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    Obama joins Europe in expanding sanctions on Russia

    WASHINGTON — President Obama announced expanded sanctions against Russia on Tuesday, just hours after the European Union imposed its most sweeping measures yet penalizing Moscow for its role in supporting separatists in neighboring Ukraine.

    The latest US actions took aim at more Russian banks and a large defense firm, but they also went further than past moves by blocking future technology sales to Russia’s lucrative oil industry in an effort to inhibit its ability to develop future resources. The measures were meant to largely match those unveiled earlier in the day in Europe.

    “Today is a reminder that the United States means what it says and we will rally the international community in standing up for the rights and freedom of people around the world,” Obama said.


    Obama said the government of President Vladimir Putin had gone beyond past support for pro-Russia separatists fighting the central Ukrainian government in Kiev and was now directly participating in the conflict by firing artillery across the border, transporting more military equipment to the rebels, and massing its own troops.

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    “In other words, today Russia is once again isolating itself from the international community, setting back decades of genuine progress,” he said. “And it doesn’t have to come to this. It didn’t have to come to this. It doesn’t have to be this way. This is a choice that Russia and President Putin in particular has made.”

    But in response to a reporter’s question, Obama suggested he was not considering providing arms to Ukraine’s government, as some Republicans have urged.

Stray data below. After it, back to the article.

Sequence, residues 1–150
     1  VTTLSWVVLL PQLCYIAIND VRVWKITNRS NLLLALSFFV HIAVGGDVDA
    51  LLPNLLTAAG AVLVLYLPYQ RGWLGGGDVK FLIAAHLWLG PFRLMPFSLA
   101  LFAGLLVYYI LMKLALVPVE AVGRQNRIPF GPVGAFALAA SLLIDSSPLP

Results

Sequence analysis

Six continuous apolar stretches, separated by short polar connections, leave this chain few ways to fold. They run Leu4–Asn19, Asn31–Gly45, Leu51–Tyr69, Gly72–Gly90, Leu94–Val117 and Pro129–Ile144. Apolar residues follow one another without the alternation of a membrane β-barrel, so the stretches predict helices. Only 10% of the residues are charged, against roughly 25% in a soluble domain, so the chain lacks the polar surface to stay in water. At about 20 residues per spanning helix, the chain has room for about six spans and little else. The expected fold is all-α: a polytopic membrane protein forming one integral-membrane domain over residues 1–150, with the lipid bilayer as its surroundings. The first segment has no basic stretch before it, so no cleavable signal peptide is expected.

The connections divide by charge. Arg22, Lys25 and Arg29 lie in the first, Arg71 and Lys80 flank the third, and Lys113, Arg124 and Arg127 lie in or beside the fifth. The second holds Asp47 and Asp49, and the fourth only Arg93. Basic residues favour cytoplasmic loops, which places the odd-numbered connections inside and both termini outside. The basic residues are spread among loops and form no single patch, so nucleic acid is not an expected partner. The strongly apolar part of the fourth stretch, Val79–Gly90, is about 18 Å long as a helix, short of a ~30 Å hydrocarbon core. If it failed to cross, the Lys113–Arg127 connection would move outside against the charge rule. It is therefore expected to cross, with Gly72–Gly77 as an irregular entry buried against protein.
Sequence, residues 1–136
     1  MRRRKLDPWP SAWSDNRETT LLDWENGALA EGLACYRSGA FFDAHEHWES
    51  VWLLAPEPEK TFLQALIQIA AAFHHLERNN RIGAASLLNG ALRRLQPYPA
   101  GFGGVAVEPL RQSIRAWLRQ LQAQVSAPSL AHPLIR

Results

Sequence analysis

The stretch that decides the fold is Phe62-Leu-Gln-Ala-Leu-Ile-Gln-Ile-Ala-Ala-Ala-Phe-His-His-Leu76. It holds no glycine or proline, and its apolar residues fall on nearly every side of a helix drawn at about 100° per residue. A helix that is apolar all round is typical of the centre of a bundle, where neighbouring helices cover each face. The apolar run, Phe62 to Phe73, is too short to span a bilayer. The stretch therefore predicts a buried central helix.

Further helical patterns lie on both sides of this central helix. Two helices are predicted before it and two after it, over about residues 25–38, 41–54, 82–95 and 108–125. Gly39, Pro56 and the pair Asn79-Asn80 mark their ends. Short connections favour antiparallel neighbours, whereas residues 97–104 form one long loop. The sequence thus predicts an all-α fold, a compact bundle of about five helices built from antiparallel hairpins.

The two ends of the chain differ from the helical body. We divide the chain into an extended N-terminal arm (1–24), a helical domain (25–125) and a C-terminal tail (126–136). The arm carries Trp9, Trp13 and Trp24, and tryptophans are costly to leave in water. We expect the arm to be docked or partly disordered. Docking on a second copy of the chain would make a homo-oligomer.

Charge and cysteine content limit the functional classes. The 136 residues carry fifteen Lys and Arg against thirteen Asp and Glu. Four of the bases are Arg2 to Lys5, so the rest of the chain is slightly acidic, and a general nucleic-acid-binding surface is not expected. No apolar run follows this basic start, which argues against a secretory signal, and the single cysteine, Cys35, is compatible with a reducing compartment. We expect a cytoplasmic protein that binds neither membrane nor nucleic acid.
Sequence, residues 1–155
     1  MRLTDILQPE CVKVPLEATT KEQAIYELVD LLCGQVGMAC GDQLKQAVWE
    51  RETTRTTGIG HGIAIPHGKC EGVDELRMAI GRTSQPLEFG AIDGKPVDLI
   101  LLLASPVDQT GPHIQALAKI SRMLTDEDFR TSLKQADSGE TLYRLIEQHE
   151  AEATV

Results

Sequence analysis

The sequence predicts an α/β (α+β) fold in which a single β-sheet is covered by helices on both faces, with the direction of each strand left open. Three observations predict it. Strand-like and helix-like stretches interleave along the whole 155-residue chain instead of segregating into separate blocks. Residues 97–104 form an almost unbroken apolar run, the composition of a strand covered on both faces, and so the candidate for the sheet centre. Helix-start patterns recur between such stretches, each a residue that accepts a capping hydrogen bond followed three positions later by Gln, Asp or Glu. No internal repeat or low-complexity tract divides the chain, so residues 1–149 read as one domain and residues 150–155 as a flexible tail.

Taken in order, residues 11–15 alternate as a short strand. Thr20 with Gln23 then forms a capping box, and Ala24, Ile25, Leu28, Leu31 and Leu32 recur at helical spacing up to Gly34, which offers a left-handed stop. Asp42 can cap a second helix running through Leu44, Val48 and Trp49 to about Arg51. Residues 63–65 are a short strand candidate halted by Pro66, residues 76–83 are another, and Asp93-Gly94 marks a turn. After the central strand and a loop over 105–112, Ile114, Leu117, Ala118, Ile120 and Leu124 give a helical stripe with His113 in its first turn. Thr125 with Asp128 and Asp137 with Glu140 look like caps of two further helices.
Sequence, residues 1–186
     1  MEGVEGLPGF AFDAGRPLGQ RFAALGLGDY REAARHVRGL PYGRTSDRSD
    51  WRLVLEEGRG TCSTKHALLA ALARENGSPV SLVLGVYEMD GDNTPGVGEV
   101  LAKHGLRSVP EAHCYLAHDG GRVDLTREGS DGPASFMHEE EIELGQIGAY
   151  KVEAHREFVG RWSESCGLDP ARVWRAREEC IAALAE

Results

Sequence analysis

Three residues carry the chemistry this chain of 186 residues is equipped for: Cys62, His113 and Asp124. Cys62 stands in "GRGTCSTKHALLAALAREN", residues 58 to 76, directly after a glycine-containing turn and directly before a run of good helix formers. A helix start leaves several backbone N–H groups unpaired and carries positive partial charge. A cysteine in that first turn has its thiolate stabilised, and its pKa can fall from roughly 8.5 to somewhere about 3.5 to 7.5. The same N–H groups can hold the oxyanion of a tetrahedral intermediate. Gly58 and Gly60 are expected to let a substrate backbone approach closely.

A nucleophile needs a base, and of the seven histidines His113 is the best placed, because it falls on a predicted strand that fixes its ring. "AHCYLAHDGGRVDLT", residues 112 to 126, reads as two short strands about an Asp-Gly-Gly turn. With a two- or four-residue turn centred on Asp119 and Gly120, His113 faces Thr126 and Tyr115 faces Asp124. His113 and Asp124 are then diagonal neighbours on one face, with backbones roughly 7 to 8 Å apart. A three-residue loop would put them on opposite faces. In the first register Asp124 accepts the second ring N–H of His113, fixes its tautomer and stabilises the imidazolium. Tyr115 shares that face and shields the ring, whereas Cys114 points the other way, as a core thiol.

“They are better armed than the separatists,” he said. “The issue is how do we prevent bloodshed in eastern Ukraine. We’re trying to avoid that. And the main tool that we have to influence Russian behavior at this point is the impact that it’s having on its economy.”

    The carefully orchestrated actions on both sides of the Atlantic were designed to demonstrate solidarity in the face of what US and European officials say has been a stark escalation by Russia in the insurgency in eastern Ukraine. Until now, European leaders have resisted the broader sorts of actions they agreed to Tuesday, and their decision to back such stiff sanctions reflected increasing alarm that Russia is not only helping separatists in Ukraine but directly involving itself in the fighting.


    They are “meant as a strong warning,” said Herman Van Rompuy, the president of the European Council, in a statement Tuesday that was joined by José Manuel Barroso, the president of the European Commission.

    “Destabilizing Ukraine, or any other Eastern European neighboring state, will bring heavy costs,” the statement said.

    The Obama administration’s sanctions were intended to largely, though not precisely, match the Europeans’. In addition to the oil technology limits, the US decision adds three more banks to the list of those cut off from medium- and long-term capital financing, including VTB Bank, one of the largest in Russia.

    The administration added United Shipbuilding Corp., a state-owned firm created by Putin in 2007, to its list of military companies banned from doing business with Americans. Although the United States did not impose an arms embargo as the European Union decided to do, US officials argued that the series of sanctions they have imposed over the last few months on defense firms comes close to achieving the same result.

    European governments moved ahead despite concerns that Europe would also pay an economic price for confronting the Kremlin more aggressively. The new sanctions, which are meant to hit significant parts of the Russian economy including its banks and its energy industry, could take effect as soon as Aug. 1, though the necessary legal formalities were probably going to take longer to complete, officials said.


    Full details of the new European sanctions were not expected to be published until later in the week, but the European Union issued a fact sheet Tuesday afternoon outlining the main points.

    Russia’s state-owned banks and development banks, which often raise money in Western financial markets, are a principal target. The sanctions bar European banks or individual investors from buying or trading in new bonds or securities issued by those banks with a maturity longer than 90 days.

    The sanctions also impose an embargo on new sales of arms to Russia, or dual-use goods — those with both civilian and military uses — to Russian military buyers. Existing deals, such as the French contract to supply Russia with warships, would not be affected, said diplomats, who spoke on the condition of anonymity Tuesday because the agreement had not yet been formally announced.